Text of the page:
Grasping the idea of death by officer in this State is challenging for one to do until when you realize it is indeed in your own backyard. On September 26, 2015 social media became aflame from a video released by NowThis showing a mother questioning the death of her 18-year old son who died in police custody. The mother’s grief is one seen time and time again, very familiar until the viewer recognizes that the incident took place on the Indianapolis’ eastside. Terrell Day was a shoplifting suspect who repeatedly announced his inability to breathe while being arrested by the Indianapolis Metropolitan Police Department. Such a nonviolent crime makes one wonder about how much force and stress is admitted to those facing arrest. Currently, the IMPD is investigating the homicide detectives and crime lab personnel who reported to the scene.
In places of creativity the most political ideas are allowed to spread and be expressed. Here is where you learn the deepest concerns within the Black community. Rather it be issues with their woman to government funding, on the stage is where it is heard. But most common is the effect and harm of oppression suffered by our white counterparts. The inability to control all of our music, the inability to reach straight to the top, the inability to be ourselves without the inevitable “I am Black” feeling constantly roaming in the back of ones mind is the pain felt.
Black artistry is the voice for #BlackLivesMatter in Indianapolis. Without it our anxieties would carry by the wayside. The poets, the rappers, the painters, and singers keep the topic of #BlackLivesMatter an everyday speech that cannot be ignored. This can be done simply by a poet visualizing for its audience a normal day growing up on 42nd and Post, or 10th and Rural just to name a few notable impoverished areas that many of these talents come from.
However, the issue with Black artistry in Indianapolis, is the fact that it is not mainstream. Our voices and ideas are only being heard amongst each other leaving out the public who could benefit greatly from what is said.
Recently, this has developed further. On September 12, 2015 on the Soldiers and Sailors Monument Circle, one that stigmatizes the hushed racism of the town, located at the heart of downtown local artist participated in an open mic for the all the crowds to see. Such an eclectic group did not see race as the mission but knowledge for the soul. However it should be noted that a young African American male decided against reciting his piece to the crowd focusing on police brutality because of the conflict it could have stirred up. In Indianapolis events with African Americans as the main audience usually contain an unnecessary amount of police officers, this occurrence being no different.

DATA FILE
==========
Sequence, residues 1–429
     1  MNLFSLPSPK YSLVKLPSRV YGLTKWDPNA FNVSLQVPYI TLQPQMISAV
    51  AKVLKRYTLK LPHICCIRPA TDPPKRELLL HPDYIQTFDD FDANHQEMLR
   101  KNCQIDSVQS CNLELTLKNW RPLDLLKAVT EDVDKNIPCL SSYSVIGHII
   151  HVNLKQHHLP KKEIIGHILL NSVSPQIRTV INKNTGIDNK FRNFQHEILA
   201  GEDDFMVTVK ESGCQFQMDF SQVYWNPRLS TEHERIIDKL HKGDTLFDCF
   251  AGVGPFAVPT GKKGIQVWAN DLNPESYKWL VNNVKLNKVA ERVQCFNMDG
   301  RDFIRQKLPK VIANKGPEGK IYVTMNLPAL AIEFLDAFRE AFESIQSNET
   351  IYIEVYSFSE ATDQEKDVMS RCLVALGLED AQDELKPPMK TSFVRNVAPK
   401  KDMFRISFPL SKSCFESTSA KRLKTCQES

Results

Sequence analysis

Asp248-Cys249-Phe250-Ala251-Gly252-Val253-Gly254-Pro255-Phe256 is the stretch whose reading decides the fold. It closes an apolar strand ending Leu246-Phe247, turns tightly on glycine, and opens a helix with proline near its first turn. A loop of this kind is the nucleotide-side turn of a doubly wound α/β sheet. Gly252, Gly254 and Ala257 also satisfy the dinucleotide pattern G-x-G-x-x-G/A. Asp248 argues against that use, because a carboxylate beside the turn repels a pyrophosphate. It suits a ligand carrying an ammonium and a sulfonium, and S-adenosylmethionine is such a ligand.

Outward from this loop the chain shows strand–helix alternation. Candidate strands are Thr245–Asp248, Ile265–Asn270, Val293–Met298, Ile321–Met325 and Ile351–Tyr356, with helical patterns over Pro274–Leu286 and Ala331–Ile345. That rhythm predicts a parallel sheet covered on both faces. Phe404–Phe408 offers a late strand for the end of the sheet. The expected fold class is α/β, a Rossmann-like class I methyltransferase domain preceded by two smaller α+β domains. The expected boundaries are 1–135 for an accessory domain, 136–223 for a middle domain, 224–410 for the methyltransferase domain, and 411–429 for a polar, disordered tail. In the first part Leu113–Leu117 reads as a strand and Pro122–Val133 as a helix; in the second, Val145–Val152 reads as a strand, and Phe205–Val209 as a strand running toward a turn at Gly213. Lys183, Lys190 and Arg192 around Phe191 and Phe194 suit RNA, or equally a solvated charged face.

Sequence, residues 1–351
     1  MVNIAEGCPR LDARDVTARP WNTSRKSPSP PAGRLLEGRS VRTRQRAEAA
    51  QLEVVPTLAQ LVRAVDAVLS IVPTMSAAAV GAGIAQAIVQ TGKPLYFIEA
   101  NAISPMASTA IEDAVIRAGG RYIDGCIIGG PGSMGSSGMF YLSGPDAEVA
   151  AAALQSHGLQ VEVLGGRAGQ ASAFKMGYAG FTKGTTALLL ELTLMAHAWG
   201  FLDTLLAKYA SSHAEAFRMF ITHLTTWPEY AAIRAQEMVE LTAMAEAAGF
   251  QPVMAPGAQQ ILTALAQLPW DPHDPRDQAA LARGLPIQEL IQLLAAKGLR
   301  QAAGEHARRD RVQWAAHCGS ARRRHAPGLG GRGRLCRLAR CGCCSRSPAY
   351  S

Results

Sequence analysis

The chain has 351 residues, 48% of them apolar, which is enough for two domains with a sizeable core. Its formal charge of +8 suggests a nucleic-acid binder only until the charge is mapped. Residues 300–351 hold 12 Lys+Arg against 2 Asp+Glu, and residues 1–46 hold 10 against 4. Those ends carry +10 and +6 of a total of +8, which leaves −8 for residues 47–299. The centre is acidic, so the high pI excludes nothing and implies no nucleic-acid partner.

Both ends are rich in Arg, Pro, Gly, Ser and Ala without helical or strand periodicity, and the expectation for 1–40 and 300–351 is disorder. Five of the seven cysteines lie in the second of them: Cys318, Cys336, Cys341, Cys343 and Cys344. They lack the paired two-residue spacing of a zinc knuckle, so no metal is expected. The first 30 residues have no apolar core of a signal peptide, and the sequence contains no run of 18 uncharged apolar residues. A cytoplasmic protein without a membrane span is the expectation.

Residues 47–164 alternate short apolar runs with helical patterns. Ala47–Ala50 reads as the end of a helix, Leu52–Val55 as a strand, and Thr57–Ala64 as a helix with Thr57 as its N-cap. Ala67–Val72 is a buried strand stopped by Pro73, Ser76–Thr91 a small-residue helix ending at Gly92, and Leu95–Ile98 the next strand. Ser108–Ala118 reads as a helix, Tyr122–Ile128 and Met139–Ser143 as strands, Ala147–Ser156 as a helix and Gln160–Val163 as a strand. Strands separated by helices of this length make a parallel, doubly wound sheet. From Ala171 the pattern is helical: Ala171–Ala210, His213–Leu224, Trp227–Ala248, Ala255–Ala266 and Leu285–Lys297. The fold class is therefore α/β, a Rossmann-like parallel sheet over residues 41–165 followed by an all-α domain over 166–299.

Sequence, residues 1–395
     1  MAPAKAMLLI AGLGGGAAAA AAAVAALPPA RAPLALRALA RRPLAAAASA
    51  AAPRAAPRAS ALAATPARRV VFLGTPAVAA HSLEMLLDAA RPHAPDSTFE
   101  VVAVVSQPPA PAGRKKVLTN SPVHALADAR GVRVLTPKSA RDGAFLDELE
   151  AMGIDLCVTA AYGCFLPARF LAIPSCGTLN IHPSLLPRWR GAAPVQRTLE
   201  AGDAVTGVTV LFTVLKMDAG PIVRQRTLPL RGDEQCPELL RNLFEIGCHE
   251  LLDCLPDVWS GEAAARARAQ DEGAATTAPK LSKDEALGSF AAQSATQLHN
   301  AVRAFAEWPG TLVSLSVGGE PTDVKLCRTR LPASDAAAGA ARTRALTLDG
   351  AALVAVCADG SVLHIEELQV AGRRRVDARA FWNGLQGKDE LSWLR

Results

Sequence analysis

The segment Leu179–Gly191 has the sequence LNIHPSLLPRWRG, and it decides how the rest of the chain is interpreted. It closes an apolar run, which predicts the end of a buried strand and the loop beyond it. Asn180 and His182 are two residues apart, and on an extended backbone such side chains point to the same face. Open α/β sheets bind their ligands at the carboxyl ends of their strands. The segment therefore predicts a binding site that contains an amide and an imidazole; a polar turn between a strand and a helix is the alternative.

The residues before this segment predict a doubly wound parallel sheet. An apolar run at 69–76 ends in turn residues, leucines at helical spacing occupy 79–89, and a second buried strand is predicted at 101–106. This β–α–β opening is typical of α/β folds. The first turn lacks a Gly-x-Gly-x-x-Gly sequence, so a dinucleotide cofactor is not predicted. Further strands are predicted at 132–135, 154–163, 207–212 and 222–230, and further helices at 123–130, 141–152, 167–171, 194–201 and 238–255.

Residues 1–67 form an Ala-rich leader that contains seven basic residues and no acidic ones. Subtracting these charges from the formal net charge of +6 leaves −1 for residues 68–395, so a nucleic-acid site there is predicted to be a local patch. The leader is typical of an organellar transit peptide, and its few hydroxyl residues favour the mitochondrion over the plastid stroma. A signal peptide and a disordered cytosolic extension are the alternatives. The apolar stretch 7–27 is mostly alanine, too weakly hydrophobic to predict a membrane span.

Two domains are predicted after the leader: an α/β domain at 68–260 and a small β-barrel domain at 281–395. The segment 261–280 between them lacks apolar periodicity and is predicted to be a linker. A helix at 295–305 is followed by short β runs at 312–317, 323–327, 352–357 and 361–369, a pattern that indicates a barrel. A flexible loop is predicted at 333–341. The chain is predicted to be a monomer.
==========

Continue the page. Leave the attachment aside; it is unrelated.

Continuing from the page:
us that live here being heard is a positive development, but it still has a long way to go. We have to invest our time into Black schools, communities, and businesses to further push for equality. Though platforms such as the topic #BlackLivesMatter for the Association of Black Anthropologist young writers and anthropologist have the opportunity to express ourselves more fluidly, even if it is difficult to do so in just 1000 words.
-#PersonalThoughts: It was really nerve wracking to write such a piece, but exciting. I am very shy of what i considered to be my art. Trying to fit my thoughts in only 1000 words was difficult because there is so much to talk about in the Black Community but I hope it is still executed well. I wanted to so desperately discuss the education system but there was no time, plus improvement has been made and effort has been given more recently.